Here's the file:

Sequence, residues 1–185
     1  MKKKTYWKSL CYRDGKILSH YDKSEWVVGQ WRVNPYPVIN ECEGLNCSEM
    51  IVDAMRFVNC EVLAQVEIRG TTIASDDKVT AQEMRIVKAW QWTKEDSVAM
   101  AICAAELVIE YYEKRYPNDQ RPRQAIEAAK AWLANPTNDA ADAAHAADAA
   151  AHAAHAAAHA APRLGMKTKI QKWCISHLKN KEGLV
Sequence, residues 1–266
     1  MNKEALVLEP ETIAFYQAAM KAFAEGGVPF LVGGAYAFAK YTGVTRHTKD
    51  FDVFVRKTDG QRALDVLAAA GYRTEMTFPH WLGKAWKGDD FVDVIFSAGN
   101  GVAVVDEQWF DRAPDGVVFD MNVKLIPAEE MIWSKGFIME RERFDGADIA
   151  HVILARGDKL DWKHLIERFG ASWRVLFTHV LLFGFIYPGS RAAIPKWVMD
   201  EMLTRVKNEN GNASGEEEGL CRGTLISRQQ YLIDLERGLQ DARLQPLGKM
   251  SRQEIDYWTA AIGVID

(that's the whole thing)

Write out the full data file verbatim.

Sequence, residues 1–185
     1  MKKKTYWKSL CYRDGKILSH YDKSEWVVGQ WRVNPYPVIN ECEGLNCSEM
    51  IVDAMRFVNC EVLAQVEIRG TTIASDDKVT AQEMRIVKAW QWTKEDSVAM
   101  AICAAELVIE YYEKRYPNDQ RPRQAIEAAK AWLANPTNDA ADAAHAADAA
   151  AHAAHAAAHA APRLGMKTKI QKWCISHLKN KEGLV
Sequence, residues 1–266
     1  MNKEALVLEP ETIAFYQAAM KAFAEGGVPF LVGGAYAFAK YTGVTRHTKD
    51  FDVFVRKTDG QRALDVLAAA GYRTEMTFPH WLGKAWKGDD FVDVIFSAGN
   101  GVAVVDEQWF DRAPDGVVFD MNVKLIPAEE MIWSKGFIME RERFDGADIA
   151  HVILARGDKL DWKHLIERFG ASWRVLFTHV LLFGFIYPGS RAAIPKWVMD
   201  EMLTRVKNEN GNASGEEEGL CRGTLISRQQ YLIDLERGLQ DARLQPLGKM
   251  SRQEIDYWTA AIGVID